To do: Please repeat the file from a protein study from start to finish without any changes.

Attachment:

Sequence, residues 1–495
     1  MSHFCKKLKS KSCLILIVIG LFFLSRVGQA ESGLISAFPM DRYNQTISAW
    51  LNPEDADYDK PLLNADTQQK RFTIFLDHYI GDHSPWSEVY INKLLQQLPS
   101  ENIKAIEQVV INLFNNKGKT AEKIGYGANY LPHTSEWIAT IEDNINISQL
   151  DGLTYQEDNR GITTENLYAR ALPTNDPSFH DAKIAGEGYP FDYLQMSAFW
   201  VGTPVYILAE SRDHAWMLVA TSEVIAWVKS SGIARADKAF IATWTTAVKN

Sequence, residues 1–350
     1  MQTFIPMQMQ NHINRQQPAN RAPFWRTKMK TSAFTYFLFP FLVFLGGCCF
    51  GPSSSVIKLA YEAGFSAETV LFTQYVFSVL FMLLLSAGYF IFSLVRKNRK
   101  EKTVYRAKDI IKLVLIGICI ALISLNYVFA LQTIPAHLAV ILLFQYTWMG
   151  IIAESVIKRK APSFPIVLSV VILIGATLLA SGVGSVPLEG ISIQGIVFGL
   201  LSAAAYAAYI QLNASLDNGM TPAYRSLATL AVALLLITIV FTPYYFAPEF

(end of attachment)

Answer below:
Sequence, residues 1–495
     1  MSHFCKKLKS KSCLILIVIG LFFLSRVGQA ESGLISAFPM DRYNQTISAW
    51  LNPEDADYDK PLLNADTQQK RFTIFLDHYI GDHSPWSEVY INKLLQQLPS
   101  ENIKAIEQVV INLFNNKGKT AEKIGYGANY LPHTSEWIAT IEDNINISQL
   151  DGLTYQEDNR GITTENLYAR ALPTNDPSFH DAKIAGEGYP FDYLQMSAFW
   201  VGTPVYILAE SRDHAWMLVA TSEVIAWVKS SGIARADKAF IATWTTAVKN

Sequence, residues 1–350
     1  MQTFIPMQMQ NHINRQQPAN RAPFWRTKMK TSAFTYFLFP FLVFLGGCCF
    51  GPSSSVIKLA YEAGFSAETV LFTQYVFSVL FMLLLSAGYF IFSLVRKNRK
   101  EKTVYRAKDI IKLVLIGICI ALISLNYVFA LQTIPAHLAV ILLFQYTWMG
   151  IIAESVIKRK APSFPIVLSV VILIGATLLA SGVGSVPLEG ISIQGIVFGL
   201  LSAAAYAAYI QLNASLDNGM TPAYRSLATL AVALLLITIV FTPYYFAPEF